Sara Kruzan, a Stoneleigh fellow with Human Rights for Kids, is the author of “I Cried to Dream Again: Trafficking, Murder, and Deliverance — A Memoir.”
Wisconsin resident Chrystul Kizer was 16 when she was repeatedly sexually abused and trafficked by a child predator. Her abuser even filmed the times he raped her. She was not his only victim. He was arrested but then released without bail, despite the police finding he was sexually abusing a dozen underage Black girls in the area.
Like too many Black and Brown girls in the United States, Chrystul and the other victims were groomed, exploited, overly sexualized and sexually assaulted on numerous occasions, not only by their abuser but by other adult men as well. It is through this system of physical and sexual violence that young girls such as Chrystul are indoctrinated into modern-day slavery.
At 17, Chrystul killed her abuser. She was then prosecuted for first-degree murder, despite the 2008 law that sought to protect children in her position. The trial judge would not allow Chrystul’s attorneys to pursue the defense granted to her under state statute, declaring he believed it was not meant to extend to violent crimes.
Last month, the Wisconsin Supreme Court reversed the trial judge and ruled that Chrystul, who faces a mandatory sentence of life in prison, should have been able to at least put forth an argument that the 2008 law protects her from prosecution. During oral arguments in the case, justices admonished the attorney representing the state for downplaying the abuse Chrystul endured, with Justice Jill J. Karofsky noting “the constitution says that we need to treat victims with dignity and respect. And part of that is acknowledging what actually happened to them, and Ms. Kizer undeniably here was a victim of human trafficking.”
Chrystul’s case is personal to me because her ordeal, in many ways, mirrors my own. In the mid-1990s, I was also sexually exploited by an adult. I was an 11-year-old child when I was approached by a man I thought was safe. He exploited my innocence, and he set into motion a two-year process of grooming defined by repeated physical, psychological and sexual violence. When I turned 13, he began sex-trafficking me.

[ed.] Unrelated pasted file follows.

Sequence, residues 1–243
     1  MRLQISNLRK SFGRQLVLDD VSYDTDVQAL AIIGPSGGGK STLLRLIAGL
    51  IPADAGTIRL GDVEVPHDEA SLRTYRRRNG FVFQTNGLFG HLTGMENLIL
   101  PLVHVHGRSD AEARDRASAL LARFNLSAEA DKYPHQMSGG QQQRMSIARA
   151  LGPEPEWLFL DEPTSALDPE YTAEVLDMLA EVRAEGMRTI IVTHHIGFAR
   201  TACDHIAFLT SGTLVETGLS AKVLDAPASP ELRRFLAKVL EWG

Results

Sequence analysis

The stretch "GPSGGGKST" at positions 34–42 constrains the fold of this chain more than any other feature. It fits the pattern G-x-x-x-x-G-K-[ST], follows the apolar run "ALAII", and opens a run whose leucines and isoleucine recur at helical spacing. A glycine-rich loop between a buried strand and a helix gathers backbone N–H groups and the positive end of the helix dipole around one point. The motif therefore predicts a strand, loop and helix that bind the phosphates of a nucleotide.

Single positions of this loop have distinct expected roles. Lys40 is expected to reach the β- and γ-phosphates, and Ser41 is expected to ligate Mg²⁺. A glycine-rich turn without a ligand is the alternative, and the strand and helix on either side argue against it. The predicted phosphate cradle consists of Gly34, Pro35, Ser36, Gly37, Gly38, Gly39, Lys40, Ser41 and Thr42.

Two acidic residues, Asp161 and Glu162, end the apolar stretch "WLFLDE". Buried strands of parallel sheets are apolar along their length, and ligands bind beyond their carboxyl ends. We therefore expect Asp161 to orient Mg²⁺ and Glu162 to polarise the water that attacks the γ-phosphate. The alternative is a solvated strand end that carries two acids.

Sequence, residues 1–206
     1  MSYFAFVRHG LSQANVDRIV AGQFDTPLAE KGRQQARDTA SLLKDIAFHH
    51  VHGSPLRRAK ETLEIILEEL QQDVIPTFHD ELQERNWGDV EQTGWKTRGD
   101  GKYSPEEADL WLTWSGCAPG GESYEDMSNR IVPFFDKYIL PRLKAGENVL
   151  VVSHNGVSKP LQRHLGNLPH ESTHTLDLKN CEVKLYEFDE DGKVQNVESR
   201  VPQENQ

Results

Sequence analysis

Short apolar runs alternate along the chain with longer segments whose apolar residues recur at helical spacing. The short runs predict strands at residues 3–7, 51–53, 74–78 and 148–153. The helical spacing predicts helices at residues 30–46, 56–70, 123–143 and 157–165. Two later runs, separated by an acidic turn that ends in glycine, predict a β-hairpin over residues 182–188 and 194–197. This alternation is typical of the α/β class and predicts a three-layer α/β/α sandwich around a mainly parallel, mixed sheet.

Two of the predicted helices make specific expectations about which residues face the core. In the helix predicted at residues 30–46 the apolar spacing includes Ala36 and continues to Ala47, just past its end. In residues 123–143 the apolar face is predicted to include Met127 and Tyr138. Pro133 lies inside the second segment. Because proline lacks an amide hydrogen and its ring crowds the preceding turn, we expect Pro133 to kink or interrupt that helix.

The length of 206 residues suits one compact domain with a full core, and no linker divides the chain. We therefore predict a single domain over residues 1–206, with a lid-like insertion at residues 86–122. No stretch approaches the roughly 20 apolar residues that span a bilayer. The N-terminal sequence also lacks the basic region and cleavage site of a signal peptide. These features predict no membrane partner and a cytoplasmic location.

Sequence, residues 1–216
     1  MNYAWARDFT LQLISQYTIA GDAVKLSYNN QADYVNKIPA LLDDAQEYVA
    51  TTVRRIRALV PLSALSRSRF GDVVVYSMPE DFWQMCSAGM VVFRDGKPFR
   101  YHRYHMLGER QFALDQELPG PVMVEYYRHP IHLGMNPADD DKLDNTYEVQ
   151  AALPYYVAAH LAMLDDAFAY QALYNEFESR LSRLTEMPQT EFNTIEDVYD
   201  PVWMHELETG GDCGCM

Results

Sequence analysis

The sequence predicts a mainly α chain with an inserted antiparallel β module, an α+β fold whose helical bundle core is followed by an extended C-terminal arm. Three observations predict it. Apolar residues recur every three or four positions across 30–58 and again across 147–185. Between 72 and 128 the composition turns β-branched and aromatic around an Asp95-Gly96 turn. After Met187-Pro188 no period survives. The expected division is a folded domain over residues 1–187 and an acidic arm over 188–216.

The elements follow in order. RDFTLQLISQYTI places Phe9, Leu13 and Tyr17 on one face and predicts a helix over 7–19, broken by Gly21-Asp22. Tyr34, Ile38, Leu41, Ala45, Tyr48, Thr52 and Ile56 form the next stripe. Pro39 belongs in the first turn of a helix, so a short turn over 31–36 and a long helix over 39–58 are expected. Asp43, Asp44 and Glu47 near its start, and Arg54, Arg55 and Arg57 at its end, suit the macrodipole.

Three years later, I shot and killed my abuser while he was again attempting to rape me in a hotel room. I was only 16. I was arrested and prosecuted, and by the time I was 17, I had been sentenced to life without the possibility of parole plus four years. I was wounded by an abusive system, incarcerated for almost 20 years and relegated to the shadows of our society.
Three different California governors eventually saw the injustice of my case and acted to make things right. Govs. Arnold Schwarzenegger and Jerry Brown both reduced my sentence, and on July 1, Gov. Gavin Newsom granted me a full pardon. Other governors, such as former Tennessee governor Bill Haslam and Ohio Gov. Mike DeWine, have followed this example, defending trafficking victims when the justice system did not.
While I’m grateful for their actions, I never should have been prosecuted in the first place, let alone tried as an adult. In Chrystul’s case, officials in Wisconsin have the opportunity to right this wrong so that, unlike me, Chrystul will not spend years incarcerated.
This is why Kenosha County District Attorney Michael D. Graveley should drop the charges against Chrystul. She is a child victim, not a criminal. She was a child when she was repeatedly abused, and she was still a child when she took the actions that led to her wrongful prosecution. The state is causing Chrystul additional trauma, when she should be receiving care and services for what happened to her.
If the prosecutor refuses to do the right thing, Wisconsin Gov. Tony Evers should follow the lead of other governors and defend Chrystul at his earliest opportunity.
One of the most important mandates of our justice system is to protect our most vulnerable. Chrystul’s story shows a failure of this mandate and is an example of a state-sponsored human rights abuse against a child. She has suffered enough. Instead of prosecuting her, the better use of prosecutorial resources would be to fix the broken system that allowed her abuser to be let out on the streets and exploit children. Had he been kept off the streets, Chrystul never would have been in this situation to begin with.
Leaders in Wisconsin have been granted an opportunity by their state’s Supreme Court to do the right thing. By dropping charges against Chrystul, prosecutors can send the message that the lives of exploited Black girls and child sex trafficking victims matter to them.